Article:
Explain possible priorities and responses when dealing with two particular incidents or emergencies in a health and social care setting. In health and social care there are a lot of procedures and precautions put into place so that accidents don’t occur, but no matter how careful organisations are with these kind of incidents there is no way really of preventing them. In health and social care a lot of risk assessments are taken to make sure the place is safe but obviously there is still a few things that are unstable or accidents like this wouldn’t occur. The staff’s duty then is to work out what happened and how to minimise the risk of it happening again. An emergency is often unexpected, not planned, dangerous and sometimes life threatening. Some incidents that can occur include: fire’s, flood’s, exposure to infection, exposure to chemicals, intruders, aggressive and dangerous encounters and abuse – I will be talking about 2 of these, the concerns about them and justify them. Fire.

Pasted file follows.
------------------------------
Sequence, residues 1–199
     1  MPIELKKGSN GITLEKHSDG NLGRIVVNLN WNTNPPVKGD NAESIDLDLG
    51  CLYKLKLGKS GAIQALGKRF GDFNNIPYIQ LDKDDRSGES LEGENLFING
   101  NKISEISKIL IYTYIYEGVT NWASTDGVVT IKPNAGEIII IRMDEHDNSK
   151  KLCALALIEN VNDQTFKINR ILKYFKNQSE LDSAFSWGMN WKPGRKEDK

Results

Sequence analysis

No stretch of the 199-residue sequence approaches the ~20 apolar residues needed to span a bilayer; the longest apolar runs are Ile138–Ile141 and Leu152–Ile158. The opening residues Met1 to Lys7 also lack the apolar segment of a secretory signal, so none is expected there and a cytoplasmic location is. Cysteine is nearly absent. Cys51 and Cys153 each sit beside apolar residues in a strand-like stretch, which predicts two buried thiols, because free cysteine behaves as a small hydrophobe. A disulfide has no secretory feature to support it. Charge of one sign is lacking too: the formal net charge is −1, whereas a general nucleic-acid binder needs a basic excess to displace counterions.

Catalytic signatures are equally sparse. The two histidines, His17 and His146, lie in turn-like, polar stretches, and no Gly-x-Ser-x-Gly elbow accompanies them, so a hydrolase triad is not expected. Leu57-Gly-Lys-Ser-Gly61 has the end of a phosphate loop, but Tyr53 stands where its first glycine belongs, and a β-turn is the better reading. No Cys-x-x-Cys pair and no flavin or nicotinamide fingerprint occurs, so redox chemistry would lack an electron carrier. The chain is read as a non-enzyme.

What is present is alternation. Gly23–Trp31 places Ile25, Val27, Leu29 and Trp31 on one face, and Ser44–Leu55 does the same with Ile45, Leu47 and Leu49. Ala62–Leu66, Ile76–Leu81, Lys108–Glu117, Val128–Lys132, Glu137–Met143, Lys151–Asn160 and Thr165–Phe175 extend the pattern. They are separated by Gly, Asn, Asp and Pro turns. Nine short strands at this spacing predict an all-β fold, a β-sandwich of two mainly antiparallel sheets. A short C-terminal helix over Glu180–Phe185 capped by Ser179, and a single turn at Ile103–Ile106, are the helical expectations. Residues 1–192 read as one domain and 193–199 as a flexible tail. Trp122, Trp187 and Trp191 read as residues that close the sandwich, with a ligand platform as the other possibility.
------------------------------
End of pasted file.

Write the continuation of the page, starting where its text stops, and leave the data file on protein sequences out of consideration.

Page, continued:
Fire can be a very dangerous occurrence and is very unpredictable; this is why it may cause panic in the area. The first step in when a fire is happening is too let everyone in the building know what is going on, this is simply done by raising the fire alarm for everyone to hear, and then for one person to ring emergency services. Although it may cause panic it must be done to start evacuating the building, but you must not leave the building because you are not to prioritise yourself better than service users, your duty of care is to look after the service users therefore you must help people who are less able than you for example, disabled, small children, restricted mobility, hearing/visual impairments and the elderly. Removing the service users from the care home or wherever you are could be a difficult task because many may be restricted from mobility. The first people to take out in the act of a fire is people that can walk and don’t have mobility issues...
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